The Rebuilding of Europe: A Survey of Forces and Conditions

By David Jayne Hill | Go to book overview

ments. The Austrian-Serbian-Russian conflict, promoted by Germany with ulterior designs, did not in any way involve forms of government. All the participants were monarchies, and no issue for or against democracy was presented. When France and England, acting as their interests and obligations required, were afterward forced into the fray, even then there was no question of the internal organization of governments, but it was seen to be a war for the salvation of Europe as a society of independent states. It has never become a war for democracy in the sense that there is an attempt by any nation to universalize a democratic form of government. That would be a doubtful venture, inconsistent with the true nature of democracy.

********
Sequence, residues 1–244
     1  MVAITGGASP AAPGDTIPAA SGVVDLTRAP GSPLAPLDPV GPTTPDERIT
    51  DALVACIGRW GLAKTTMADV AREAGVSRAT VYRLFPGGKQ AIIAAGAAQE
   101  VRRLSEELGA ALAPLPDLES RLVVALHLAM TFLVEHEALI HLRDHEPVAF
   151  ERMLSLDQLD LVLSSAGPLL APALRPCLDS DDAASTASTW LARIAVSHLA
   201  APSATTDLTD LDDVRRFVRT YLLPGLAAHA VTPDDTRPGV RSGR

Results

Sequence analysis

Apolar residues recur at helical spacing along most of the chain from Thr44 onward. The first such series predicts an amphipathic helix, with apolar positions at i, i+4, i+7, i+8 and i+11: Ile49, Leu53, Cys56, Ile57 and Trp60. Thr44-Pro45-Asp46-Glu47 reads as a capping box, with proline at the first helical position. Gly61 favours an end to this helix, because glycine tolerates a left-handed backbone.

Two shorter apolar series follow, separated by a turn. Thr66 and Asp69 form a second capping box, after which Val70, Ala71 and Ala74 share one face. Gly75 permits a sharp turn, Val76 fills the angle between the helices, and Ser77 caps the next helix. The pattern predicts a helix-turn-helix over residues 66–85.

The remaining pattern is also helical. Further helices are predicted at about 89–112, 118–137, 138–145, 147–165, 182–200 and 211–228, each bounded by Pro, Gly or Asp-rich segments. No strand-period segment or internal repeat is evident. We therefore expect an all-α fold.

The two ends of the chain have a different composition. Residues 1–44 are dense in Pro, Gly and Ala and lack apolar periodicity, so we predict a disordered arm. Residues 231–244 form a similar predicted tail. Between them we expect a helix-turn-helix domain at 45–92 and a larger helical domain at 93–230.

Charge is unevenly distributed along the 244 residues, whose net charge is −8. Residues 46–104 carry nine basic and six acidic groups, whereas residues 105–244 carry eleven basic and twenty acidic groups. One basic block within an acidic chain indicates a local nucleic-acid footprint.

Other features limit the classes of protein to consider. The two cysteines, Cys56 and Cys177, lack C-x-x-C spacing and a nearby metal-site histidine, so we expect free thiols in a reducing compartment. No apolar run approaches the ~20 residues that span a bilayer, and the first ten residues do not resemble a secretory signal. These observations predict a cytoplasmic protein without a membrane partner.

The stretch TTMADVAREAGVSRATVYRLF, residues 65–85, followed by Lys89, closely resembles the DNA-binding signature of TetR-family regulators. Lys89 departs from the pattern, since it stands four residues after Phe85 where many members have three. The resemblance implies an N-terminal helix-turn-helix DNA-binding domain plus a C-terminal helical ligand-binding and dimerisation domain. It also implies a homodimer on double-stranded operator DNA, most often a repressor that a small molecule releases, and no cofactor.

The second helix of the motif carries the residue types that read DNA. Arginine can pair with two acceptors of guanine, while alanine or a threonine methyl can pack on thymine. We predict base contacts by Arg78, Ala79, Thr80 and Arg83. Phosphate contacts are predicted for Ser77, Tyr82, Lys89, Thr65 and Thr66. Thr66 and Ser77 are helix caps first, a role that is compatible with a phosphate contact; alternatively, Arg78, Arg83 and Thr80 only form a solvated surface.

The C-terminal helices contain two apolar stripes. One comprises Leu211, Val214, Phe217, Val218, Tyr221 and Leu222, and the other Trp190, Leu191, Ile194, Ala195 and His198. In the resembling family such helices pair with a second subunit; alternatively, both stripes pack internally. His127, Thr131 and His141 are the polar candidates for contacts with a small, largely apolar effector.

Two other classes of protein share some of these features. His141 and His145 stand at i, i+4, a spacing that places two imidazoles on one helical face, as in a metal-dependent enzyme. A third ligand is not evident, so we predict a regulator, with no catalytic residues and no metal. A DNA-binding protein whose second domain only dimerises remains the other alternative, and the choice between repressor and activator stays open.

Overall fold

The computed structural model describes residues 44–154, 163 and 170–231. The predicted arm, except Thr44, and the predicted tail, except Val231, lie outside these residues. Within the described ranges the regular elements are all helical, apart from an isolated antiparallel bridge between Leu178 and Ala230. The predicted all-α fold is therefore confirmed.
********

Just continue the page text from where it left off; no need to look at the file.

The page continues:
The truth is that the Great War is a revolution against the alleged rights of arbitrary force, rendered necessary by the failure to reach the goal of a secure international organization by an evolutionary process.

Modern nations have succeeded, with a few exceptions, in developing constitutional governments in which ideas of justice have been embodied in systems of law, but they have also in

-vi-

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